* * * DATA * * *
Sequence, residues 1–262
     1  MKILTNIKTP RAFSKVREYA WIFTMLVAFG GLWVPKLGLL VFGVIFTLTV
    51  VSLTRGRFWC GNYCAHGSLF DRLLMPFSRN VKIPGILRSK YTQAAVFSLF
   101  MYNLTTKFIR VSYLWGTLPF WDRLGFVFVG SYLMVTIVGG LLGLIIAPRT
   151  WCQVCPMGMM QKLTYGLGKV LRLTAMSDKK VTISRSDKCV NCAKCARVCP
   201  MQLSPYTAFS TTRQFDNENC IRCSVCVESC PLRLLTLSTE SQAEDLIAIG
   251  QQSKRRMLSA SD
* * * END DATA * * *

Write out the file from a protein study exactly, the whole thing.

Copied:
Sequence, residues 1–262
     1  MKILTNIKTP RAFSKVREYA WIFTMLVAFG GLWVPKLGLL VFGVIFTLTV
    51  VSLTRGRFWC GNYCAHGSLF DRLLMPFSRN VKIPGILRSK YTQAAVFSLF
   101  MYNLTTKFIR VSYLWGTLPF WDRLGFVFVG SYLMVTIVGG LLGLIIAPRT
   151  WCQVCPMGMM QKLTYGLGKV LRLTAMSDKK VTISRSDKCV NCAKCARVCP
   201  MQLSPYTAFS TTRQFDNENC IRCSVCVESC PLRLLTLSTE SQAEDLIAIG
   251  QQSKRRMLSA SD